An Ājivaka whom the Buddha met on his way between Gayā and the Bodhi Tree, after he set out from Isipatana for the preaching of the First Sermon. Upaka questioned the Buddha on his attainments, and when the Buddha told him what he had accomplished he asked the Buddha if he were “Anantajina.” When the Buddha acknowledged it, Upaka shook his bead saying, “It may be so, friend,” and went along by another road Vin.i.8 MN.i.170–171 The Saṃyutta Nikāya SN.i.35 SN.i.60 records a visit paid to the Buddha by Upaka and six other beings born in Avihā.
He once visited the Buddha at Gijjhakūṭa and stated before him his view that whoever starts abusive talk of another, without being able to make good his case, is blameworthy. The Buddha agrees and says that Upaka himself has been guilty of this offence. Upaka protests against being caught in a big noose of words, like a fish caught as soon as he pops up his head. The Buddha explains that it is necessary for him to teach with endless variations of words and similes. Upaka is pleased with the Buddha’s talk and reports the conversation to Ajātasattu. The king shows his anger at the man’s presumption in having remonstrated with the Buddha. AN.ii.181f.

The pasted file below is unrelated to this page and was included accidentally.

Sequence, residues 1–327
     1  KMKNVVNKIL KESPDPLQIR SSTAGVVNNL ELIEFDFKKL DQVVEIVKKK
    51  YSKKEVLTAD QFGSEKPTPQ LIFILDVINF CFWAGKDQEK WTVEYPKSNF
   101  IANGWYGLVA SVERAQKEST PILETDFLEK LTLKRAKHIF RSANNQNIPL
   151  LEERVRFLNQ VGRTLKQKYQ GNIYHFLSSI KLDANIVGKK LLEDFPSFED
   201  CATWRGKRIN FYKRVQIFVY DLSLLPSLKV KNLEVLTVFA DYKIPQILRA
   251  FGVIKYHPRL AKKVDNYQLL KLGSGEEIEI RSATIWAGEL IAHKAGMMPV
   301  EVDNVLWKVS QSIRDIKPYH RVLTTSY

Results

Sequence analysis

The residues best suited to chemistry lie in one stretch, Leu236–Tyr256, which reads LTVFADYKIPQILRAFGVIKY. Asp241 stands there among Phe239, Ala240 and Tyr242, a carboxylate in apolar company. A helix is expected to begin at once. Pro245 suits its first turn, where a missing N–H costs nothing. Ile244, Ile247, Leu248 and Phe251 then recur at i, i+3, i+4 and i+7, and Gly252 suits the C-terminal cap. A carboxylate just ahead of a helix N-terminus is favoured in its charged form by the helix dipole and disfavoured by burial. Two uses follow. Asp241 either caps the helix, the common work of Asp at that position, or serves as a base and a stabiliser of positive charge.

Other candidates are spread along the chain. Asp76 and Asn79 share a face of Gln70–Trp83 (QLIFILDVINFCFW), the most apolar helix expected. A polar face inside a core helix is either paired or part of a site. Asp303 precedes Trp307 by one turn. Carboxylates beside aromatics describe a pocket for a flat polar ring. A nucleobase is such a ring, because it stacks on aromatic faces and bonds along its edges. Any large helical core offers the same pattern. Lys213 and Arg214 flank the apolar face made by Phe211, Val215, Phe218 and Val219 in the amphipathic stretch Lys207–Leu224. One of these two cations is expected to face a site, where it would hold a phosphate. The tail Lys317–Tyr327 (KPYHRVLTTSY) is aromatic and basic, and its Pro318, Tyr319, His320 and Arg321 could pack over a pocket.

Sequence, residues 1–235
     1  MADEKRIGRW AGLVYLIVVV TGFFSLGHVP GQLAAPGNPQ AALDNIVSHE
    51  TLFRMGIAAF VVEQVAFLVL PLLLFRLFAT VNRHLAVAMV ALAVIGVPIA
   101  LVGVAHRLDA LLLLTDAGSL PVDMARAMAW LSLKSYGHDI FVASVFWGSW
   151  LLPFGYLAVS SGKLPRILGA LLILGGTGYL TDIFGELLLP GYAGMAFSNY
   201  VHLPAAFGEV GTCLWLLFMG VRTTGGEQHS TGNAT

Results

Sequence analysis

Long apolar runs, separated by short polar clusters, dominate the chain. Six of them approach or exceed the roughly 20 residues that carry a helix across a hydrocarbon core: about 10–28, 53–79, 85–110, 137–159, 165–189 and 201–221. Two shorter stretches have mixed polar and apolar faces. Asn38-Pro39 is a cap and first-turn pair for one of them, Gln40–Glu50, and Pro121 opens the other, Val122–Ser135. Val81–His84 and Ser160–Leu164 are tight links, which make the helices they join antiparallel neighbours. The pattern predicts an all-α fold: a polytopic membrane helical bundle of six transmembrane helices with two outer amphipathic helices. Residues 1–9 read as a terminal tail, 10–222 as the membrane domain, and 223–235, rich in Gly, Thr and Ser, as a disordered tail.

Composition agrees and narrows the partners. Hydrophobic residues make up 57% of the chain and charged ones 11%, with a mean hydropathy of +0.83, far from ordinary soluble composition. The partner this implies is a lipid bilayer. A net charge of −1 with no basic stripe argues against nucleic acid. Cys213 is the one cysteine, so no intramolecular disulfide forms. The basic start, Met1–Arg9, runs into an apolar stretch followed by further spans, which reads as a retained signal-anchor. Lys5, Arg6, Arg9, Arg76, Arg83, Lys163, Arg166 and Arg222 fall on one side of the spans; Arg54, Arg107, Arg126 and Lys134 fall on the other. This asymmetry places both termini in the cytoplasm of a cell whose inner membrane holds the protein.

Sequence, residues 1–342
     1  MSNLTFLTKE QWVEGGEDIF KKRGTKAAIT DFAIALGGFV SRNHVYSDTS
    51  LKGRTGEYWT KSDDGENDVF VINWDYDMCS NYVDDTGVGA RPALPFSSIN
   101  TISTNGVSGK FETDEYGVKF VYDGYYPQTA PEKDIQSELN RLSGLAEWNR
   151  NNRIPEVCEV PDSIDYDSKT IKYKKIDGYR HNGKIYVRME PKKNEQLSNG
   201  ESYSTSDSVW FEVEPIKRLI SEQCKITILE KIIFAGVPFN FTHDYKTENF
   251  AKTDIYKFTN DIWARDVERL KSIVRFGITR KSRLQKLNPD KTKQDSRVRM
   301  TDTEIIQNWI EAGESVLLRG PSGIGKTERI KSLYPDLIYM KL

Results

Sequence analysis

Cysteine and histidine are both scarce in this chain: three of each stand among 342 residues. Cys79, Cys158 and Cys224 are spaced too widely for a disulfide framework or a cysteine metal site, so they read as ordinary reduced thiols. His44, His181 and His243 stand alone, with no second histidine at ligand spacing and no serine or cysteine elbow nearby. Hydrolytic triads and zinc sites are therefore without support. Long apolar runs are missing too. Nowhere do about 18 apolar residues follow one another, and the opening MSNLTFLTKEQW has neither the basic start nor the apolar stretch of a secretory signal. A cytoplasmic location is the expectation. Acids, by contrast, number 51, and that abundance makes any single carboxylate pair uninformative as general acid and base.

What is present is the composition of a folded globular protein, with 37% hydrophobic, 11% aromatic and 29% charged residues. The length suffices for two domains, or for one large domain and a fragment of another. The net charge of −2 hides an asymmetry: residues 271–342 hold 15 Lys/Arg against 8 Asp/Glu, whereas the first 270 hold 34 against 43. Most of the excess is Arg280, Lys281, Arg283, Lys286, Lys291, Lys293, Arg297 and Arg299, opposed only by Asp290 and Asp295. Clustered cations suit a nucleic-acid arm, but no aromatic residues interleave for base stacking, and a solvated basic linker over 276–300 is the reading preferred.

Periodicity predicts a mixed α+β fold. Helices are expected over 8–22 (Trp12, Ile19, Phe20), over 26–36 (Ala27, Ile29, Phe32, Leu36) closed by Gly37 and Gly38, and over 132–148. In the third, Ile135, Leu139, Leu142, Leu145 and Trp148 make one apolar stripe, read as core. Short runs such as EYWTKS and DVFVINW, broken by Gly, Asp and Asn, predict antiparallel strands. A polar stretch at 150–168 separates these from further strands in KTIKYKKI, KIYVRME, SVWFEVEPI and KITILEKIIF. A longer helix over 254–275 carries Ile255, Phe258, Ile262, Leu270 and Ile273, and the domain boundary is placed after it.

He was apparently of low caste, and Ajātasattu addresses him as “salt-worker’s boy” (loṇakārakadāraka). AN.ii.182